While searching for a classic trading text on Scribd, I came across this 109-year-old tome on the success of 19th and early 20th century entrepreneurs called, How They Succeeded, in the related books sidebar.
Looking through the table of contents, one finds an interesting array of business, artist, and educator profiles and plucky little subchapter titles emphasizing the virtues of hard work, thrift, and foresight. Admirable traits to be sure, though the Horatio Alger-type bootsrapping tales of personal success and luck are usually mocked in the politically correct schoolrooms of today.
How They Succeeded
For those of us schooled in the cynical view of free enterprise and the dastardly deeds of the robber barons (and most of us who attended American schools in the last 40 years were purposely imprinted with that bias), it may seem a bit comical to look at a chapter on John D. Rockerfeller and find subheading titles such as "His Early Dream and Purpose", "There Was Money In a Refinery", "Hygiene", "Foresight", "Philanthropy", and so on.
Still, as I read through an early chapter on Marshall Field, one of the great merchants of my home town, Chicago, I'm attracted to the story of Mr. Field's rise in business and how his personal success coincided with the growth of our fair city.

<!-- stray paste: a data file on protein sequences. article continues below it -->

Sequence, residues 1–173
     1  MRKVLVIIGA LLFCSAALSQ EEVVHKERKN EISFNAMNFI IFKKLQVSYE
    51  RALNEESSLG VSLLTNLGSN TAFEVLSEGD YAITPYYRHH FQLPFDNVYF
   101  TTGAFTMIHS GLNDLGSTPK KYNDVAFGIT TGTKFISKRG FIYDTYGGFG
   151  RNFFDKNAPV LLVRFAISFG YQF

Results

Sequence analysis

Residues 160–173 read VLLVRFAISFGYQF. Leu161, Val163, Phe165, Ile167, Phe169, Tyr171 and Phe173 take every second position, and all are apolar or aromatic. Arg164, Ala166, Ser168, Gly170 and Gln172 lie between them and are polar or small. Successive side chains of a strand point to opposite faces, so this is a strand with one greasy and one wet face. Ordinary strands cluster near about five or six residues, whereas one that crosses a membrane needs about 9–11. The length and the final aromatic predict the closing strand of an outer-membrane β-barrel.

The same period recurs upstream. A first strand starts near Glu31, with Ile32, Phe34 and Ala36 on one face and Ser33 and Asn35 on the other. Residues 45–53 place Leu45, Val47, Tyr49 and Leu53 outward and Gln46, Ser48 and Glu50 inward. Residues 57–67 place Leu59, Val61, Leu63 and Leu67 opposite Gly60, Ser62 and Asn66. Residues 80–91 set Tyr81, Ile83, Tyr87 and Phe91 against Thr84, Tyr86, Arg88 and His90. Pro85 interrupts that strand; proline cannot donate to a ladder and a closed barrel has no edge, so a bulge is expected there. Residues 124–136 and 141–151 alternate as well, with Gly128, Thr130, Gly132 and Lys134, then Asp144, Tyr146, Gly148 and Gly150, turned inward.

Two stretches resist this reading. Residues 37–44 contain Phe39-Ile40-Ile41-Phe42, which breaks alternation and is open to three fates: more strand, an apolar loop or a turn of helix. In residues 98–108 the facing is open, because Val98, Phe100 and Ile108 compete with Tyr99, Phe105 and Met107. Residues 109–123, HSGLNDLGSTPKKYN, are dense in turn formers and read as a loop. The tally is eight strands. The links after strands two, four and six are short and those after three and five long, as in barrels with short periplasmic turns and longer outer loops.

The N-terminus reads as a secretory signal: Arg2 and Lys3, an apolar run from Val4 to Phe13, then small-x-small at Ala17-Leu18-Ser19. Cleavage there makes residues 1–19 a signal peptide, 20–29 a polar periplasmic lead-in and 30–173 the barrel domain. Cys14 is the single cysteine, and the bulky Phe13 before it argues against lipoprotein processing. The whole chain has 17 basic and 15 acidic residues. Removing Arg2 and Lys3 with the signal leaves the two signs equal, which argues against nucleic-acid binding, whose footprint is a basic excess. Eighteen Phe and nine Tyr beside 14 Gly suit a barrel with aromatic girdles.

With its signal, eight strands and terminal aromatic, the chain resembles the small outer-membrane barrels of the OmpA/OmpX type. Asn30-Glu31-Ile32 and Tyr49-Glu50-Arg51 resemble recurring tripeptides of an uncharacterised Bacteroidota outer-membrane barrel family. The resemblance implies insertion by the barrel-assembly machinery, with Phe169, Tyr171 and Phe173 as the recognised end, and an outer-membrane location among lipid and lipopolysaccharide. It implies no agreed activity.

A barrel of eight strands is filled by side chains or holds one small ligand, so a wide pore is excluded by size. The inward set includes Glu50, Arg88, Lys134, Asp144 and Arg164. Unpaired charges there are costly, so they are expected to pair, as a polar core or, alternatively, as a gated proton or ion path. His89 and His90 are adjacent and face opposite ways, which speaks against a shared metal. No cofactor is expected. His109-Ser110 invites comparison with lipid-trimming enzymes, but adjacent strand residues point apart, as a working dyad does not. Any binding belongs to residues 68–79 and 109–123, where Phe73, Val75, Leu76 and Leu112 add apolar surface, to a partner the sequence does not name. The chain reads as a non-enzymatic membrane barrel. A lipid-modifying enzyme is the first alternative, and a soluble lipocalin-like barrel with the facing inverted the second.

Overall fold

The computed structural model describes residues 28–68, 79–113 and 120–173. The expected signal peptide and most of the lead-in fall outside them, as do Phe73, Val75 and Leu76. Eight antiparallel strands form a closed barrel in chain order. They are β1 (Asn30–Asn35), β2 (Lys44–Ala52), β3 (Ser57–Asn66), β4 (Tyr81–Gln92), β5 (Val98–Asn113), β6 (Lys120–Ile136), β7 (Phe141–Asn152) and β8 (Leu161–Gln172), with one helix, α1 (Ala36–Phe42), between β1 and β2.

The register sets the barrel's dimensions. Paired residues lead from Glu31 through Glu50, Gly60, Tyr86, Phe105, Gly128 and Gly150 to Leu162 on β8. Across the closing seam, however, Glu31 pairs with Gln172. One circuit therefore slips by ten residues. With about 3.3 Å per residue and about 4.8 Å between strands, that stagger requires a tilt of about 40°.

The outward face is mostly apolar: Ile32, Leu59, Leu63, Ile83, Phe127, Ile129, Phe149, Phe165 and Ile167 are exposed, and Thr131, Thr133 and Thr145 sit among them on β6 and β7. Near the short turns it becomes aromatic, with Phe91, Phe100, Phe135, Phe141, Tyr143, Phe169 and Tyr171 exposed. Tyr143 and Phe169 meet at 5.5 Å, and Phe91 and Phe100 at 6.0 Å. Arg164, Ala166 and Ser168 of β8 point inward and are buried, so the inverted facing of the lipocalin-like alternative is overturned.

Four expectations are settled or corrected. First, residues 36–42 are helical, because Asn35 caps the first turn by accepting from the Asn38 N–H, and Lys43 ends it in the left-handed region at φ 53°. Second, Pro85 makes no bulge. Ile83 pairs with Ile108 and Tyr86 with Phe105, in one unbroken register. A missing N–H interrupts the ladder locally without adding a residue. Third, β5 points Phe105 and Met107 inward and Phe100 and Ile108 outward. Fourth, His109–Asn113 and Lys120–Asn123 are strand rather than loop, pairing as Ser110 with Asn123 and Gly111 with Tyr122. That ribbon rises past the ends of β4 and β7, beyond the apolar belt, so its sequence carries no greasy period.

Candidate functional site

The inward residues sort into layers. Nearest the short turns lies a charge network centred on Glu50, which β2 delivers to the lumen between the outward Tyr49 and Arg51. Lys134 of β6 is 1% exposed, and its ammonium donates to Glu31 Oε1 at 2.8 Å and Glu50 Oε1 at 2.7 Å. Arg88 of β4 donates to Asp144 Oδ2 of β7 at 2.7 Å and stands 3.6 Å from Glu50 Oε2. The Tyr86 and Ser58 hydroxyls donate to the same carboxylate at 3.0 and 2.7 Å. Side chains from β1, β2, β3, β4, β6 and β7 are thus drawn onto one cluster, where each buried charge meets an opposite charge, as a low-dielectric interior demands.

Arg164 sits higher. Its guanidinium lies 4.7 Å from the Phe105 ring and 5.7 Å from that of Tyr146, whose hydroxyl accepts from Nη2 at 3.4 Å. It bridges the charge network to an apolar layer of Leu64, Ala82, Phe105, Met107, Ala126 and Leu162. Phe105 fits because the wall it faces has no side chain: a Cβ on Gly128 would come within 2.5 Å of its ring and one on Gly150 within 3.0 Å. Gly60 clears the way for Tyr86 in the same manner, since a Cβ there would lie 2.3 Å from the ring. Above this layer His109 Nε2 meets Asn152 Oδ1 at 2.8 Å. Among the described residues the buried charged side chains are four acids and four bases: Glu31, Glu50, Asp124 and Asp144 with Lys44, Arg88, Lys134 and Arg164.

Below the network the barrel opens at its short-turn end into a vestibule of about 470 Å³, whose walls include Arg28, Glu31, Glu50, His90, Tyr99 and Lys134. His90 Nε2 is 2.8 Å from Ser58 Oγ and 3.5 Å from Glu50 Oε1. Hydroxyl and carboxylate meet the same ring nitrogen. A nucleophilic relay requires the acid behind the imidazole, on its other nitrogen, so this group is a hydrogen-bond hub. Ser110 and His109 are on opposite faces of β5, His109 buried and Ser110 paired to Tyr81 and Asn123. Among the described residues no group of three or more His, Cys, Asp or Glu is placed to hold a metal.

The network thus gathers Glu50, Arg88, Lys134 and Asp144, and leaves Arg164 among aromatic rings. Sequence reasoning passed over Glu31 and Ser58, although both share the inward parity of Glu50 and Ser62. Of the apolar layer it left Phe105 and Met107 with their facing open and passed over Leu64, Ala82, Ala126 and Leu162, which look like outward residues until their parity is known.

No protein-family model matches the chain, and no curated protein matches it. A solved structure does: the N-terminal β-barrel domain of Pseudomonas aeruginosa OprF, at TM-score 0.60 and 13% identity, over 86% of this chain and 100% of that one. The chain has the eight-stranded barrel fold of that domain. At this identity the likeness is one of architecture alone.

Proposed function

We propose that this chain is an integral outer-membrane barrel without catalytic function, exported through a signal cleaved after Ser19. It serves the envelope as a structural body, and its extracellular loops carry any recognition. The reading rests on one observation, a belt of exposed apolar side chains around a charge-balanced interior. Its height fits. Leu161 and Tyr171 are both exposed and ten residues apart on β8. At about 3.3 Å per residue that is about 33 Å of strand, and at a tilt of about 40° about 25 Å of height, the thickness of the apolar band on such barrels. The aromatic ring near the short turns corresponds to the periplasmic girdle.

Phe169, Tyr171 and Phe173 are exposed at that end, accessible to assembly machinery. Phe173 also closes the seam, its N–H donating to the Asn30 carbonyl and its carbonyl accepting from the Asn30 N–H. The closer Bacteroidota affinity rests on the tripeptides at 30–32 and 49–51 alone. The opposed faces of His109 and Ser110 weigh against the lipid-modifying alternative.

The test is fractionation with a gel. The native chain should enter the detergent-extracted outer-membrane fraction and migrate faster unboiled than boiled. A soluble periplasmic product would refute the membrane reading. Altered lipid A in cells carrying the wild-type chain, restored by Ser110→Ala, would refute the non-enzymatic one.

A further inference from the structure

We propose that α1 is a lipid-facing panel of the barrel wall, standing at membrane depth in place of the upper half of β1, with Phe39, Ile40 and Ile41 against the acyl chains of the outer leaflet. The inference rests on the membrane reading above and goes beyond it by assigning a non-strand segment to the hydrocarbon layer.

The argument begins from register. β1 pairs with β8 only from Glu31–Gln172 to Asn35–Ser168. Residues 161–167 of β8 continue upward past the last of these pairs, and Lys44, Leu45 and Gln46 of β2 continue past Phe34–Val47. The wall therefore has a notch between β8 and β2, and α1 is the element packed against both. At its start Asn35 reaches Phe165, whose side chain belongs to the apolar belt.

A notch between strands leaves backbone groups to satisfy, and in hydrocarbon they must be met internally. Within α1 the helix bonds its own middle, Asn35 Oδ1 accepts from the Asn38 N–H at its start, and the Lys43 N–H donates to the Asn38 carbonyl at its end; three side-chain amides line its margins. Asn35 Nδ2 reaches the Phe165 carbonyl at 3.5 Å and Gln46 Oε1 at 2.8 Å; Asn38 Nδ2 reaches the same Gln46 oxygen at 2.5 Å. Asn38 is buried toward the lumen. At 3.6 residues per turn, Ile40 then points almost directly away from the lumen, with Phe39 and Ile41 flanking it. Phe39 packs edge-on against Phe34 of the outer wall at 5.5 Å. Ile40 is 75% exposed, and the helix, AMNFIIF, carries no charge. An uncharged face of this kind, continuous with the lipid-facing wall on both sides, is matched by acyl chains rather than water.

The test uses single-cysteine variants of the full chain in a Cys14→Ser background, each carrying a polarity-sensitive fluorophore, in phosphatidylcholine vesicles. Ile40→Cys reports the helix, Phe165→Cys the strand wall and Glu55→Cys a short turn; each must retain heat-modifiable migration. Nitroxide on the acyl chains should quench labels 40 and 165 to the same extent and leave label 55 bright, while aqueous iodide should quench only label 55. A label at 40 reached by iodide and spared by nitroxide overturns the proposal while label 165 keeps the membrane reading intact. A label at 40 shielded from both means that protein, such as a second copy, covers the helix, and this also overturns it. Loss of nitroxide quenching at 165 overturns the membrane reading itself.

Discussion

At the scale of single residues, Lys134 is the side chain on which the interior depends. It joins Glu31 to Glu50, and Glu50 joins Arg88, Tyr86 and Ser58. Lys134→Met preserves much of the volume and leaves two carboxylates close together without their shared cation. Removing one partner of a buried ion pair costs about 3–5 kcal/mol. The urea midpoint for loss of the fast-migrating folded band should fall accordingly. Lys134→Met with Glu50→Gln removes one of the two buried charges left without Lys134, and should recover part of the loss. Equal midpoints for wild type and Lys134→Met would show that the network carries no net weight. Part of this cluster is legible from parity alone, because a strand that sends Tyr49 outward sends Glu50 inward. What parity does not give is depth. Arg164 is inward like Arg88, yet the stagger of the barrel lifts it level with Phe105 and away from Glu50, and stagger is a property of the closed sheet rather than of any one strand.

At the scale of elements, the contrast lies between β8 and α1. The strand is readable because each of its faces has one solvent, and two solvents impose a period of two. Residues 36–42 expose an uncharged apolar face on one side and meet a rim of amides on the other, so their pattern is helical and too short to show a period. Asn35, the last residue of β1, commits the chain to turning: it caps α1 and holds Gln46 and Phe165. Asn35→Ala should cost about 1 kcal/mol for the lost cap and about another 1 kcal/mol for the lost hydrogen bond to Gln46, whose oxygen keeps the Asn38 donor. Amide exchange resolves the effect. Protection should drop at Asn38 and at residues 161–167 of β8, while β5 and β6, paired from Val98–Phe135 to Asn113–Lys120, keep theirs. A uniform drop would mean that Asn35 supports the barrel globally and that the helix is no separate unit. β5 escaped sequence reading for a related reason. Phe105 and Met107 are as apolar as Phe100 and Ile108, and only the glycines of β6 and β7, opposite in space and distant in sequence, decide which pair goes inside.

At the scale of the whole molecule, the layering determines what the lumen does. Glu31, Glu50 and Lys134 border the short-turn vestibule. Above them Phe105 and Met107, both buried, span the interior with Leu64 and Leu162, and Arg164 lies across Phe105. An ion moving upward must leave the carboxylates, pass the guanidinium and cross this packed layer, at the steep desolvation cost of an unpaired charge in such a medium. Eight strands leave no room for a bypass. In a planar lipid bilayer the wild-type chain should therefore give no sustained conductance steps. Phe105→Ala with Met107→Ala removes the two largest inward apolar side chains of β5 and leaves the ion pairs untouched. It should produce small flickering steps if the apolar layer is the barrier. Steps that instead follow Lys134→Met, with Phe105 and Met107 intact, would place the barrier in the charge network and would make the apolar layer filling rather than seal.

There are sound business lessons here, and the themes of devotion to work and purposeful sacrifice with a clear goal in mind are a refreshing tonic at a time when an ever growing number of people are looking to game the system and enrich themselves off the work and savings of others.
Will we find a good deal of whitewashing of some of the economic and social injustices of the past, acts that helped a few of the industrialists profiled here along to great wealth and power? It's very possible, and we'll have to read and compare these optimistic tales with the views handed down to us by some economic historians.
However, as I think about the valuable lessons in some of these old tales of business success, I wonder if a similar tradition of rags-to-riches stories will take hold in that other rising economic power of the East. Who will be the Horatio Alger of China (or better yet, the Orison Swett Marden) and what stories will he or she tell?
Related articles and posts:
1. Classic quotes and timeless wisdom from, How They Succeeded - Finance Trends.